About 43 percent of Tipton’s contributions have come from political action committees (PACs). That includes a $5,000 donation from a PAC run by former United Nations Ambassador John Bolton and another $5,000 from KochPAC, affiliated with the billionaire Koch brothers.
Just over 21 percent of Schwartz’s contributions have come from PACs, but she’s also won the backing of groups like Emily’s List and Red to Blue, a Democratic committee that backs candidates who they believe have the best chance of beating Republicans. The American Federation of State, County and Municipal Employees donated $20,000 and Schwartz also has been the beneficiary of contributions from a number of unions, including teachers, firefighters, electrical workers, etc.
Schwartz’s biggest donations have come through Red to Blue: $470,000 from almost 800 contributions ranging from $10 to the federal limit of $5,400. That represents more than a quarter of her total fundraising.
Tipton has raised $1.627 million to Schwartz’s $1.502 million.
If Schwartz wins…
The cards are stacked for Schwartz this year. It’s a presidential year in which Democrats tend to turn out more than Republicans. And then there’s the Trump factor: the expected negative impact of Republican presidential nominee Donald Trump on down-ballot races, including the Tipton/Schwartz contest.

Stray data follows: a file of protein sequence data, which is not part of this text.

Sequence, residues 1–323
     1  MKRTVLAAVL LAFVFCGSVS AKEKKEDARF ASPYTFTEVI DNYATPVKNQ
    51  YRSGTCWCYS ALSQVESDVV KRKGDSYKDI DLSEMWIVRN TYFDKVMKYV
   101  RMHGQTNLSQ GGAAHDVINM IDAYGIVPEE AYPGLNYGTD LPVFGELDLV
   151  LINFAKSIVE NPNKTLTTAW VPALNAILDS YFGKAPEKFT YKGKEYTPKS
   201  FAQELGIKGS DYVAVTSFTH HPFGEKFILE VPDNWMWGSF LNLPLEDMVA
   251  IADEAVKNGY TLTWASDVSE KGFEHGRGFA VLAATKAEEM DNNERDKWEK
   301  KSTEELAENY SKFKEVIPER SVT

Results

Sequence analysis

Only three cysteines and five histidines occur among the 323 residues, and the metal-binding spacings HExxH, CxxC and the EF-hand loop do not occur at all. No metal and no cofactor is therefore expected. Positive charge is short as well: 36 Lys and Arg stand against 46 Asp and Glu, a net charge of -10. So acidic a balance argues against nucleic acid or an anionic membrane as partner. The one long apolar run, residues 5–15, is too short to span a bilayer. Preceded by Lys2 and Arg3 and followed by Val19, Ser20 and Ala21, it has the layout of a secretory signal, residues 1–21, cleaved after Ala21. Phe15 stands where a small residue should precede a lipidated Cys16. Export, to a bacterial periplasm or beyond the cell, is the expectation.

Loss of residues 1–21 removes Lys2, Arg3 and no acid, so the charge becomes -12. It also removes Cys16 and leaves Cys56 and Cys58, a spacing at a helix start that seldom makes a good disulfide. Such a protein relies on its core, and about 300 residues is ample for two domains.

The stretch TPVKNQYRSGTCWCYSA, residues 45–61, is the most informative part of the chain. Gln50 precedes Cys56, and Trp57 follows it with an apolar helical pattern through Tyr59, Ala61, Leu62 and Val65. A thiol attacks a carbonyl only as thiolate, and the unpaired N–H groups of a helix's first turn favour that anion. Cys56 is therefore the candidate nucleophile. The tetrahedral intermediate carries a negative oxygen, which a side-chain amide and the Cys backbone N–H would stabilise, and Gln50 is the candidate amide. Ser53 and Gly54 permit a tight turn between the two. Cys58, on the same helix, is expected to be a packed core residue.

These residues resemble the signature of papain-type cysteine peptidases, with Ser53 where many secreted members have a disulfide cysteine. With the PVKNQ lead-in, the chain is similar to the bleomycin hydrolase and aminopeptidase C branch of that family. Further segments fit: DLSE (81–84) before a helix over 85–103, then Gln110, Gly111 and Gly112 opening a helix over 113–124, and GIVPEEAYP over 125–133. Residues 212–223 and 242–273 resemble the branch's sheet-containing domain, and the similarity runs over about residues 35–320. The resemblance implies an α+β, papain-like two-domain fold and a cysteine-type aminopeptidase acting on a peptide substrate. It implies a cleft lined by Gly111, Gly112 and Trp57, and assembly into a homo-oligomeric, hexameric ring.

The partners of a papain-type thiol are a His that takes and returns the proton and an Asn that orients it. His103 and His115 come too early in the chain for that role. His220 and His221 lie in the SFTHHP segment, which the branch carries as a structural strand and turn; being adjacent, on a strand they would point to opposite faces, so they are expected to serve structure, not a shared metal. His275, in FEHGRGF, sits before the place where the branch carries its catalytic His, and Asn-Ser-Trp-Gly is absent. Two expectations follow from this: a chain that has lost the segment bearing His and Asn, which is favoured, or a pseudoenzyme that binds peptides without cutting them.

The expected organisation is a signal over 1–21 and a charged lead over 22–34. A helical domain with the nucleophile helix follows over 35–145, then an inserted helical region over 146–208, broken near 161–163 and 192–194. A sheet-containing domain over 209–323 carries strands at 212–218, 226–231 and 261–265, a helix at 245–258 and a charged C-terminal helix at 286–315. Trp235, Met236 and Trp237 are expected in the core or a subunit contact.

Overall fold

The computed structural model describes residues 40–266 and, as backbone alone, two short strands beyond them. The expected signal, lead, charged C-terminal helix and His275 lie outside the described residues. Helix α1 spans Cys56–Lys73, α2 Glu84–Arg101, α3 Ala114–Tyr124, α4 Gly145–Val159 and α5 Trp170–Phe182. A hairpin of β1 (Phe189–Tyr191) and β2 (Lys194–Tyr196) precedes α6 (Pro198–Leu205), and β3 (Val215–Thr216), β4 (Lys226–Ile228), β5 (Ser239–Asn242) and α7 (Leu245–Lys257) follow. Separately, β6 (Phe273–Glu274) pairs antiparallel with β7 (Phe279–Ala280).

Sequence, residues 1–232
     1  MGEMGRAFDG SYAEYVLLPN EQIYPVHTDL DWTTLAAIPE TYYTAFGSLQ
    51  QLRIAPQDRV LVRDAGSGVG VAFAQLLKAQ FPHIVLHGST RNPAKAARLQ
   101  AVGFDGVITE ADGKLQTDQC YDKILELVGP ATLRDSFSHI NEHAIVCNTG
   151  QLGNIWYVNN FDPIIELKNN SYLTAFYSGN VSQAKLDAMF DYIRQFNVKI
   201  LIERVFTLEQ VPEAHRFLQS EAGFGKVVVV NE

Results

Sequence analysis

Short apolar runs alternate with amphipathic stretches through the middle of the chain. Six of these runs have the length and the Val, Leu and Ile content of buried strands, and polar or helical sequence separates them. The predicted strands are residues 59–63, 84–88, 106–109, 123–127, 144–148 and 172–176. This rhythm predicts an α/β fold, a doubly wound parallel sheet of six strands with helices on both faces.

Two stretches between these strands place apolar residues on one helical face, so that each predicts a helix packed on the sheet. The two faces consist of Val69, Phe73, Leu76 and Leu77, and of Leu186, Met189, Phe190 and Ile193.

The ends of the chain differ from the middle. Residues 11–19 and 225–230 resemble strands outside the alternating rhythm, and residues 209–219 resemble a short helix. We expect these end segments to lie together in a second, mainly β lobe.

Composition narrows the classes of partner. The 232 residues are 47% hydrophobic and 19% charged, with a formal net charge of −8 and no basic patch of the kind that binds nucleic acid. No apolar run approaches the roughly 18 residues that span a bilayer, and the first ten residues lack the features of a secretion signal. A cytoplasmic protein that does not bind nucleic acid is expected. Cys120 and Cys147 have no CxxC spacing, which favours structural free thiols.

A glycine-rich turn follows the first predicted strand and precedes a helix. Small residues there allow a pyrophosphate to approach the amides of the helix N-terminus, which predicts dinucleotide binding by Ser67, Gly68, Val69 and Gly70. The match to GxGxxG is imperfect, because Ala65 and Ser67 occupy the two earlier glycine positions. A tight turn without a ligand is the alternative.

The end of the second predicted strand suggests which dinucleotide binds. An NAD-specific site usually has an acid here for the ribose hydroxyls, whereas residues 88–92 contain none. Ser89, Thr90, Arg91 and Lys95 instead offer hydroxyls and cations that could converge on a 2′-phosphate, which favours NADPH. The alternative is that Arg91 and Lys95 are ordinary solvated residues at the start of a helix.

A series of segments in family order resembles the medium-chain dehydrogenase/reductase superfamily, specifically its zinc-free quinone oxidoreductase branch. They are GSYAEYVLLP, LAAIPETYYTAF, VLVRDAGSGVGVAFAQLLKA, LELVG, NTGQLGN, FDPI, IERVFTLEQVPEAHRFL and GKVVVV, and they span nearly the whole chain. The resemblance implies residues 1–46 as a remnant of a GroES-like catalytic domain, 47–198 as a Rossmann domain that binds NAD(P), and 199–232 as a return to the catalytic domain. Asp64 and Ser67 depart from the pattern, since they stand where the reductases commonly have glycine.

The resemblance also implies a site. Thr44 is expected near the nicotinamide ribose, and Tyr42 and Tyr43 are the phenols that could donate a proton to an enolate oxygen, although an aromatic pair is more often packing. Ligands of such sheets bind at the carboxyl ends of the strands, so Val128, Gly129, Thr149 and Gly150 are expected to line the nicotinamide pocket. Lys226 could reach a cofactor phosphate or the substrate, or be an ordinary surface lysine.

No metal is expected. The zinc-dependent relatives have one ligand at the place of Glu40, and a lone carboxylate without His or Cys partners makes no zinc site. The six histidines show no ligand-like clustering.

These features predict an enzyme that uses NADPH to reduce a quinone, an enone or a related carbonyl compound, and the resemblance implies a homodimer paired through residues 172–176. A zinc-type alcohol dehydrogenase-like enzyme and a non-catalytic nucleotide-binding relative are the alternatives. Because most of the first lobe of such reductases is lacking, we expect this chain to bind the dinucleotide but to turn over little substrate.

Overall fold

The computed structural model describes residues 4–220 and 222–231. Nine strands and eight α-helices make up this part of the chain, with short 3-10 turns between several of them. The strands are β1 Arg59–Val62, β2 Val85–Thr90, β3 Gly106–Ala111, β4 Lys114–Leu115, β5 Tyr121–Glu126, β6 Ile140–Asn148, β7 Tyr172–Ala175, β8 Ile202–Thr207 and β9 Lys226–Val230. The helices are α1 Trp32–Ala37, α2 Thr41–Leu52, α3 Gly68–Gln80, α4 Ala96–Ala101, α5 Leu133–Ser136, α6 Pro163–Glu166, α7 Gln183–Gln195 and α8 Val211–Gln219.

A month ago, Tipton told The Durango Herald that despite lewd comments by Trump in 2005 that had just been revealed in an Access Hollywood video, Tipton would still vote for him. Tipton called Trump flawed, but said “we cannot afford [Democratic presidential nominee] Hillary Clinton and a third Obama term.”
Schwartz has won endorsements from seven of the eight major newspapers in the district, including the two largest, the Grand Junction Daily Sentinel and The Durango Herald.
And she has a strong track record, from eight years of service in the Colorado Senate, including support for public lands, her number one issue in the district.
If Tipton wins….
He has voter registration, voter turnout, history, and most recently, money, on his side.
Republicans outnumber Democrats in voter registration by more than 20,000. And according to Magellan Strategies, as of Friday, Republican voters have returned ballots at greater numbers than Democrats.
The question is who unaffiliated voters will pick.
The district has more unaffiliated voters than Democrats, by about 10,000. While unaffiliated voters haven’t returned ballots at the same rates as Democrats and Republicans, they do make up about a quarter of the total ballots returned so far. And unaffiliated voters, at least in general, tend to vote for Democrats more than Republicans.
Is there a national significance to this race?
While most pundits believe it’s a long shot, Democrats are hoping to flip the U.S. House to Democratic control, a challenge they can’t win without Schwartz and state Sen. Morgan Carroll, who is vying to beat Republican U.S. Rep. Mike Coffman of Aurora in Congressional District 6.
Democrats are expected to do well next week, winning back at least some of the 60 seats they would need to capture in order to retake the U.S. House.